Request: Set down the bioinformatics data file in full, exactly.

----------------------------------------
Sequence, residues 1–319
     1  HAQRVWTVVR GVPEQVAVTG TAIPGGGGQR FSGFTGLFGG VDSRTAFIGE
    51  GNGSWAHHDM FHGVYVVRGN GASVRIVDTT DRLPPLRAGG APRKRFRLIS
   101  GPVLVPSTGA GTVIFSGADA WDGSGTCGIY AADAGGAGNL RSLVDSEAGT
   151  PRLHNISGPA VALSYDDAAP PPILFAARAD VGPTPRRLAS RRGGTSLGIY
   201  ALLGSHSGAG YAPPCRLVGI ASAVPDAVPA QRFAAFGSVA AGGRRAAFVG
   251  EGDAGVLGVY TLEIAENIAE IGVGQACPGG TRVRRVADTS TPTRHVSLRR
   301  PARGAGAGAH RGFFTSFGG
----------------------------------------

Sequence, residues 1–319
     1  HAQRVWTVVR GVPEQVAVTG TAIPGGGGQR FSGFTGLFGG VDSRTAFIGE
    51  GNGSWAHHDM FHGVYVVRGN GASVRIVDTT DRLPPLRAGG APRKRFRLIS
   101  GPVLVPSTGA GTVIFSGADA WDGSGTCGIY AADAGGAGNL RSLVDSEAGT
   151  PRLHNISGPA VALSYDDAAP PPILFAARAD VGPTPRRLAS RRGGTSLGIY
   201  ALLGSHSGAG YAPPCRLVGI ASAVPDAVPA QRFAAFGSVA AGGRRAAFVG
   251  EGDAGVLGVY TLEIAENIAE IGVGQACPGG TRVRRVADTS TPTRHVSLRR
   301  PARGAGAGAH RGFFTSFGG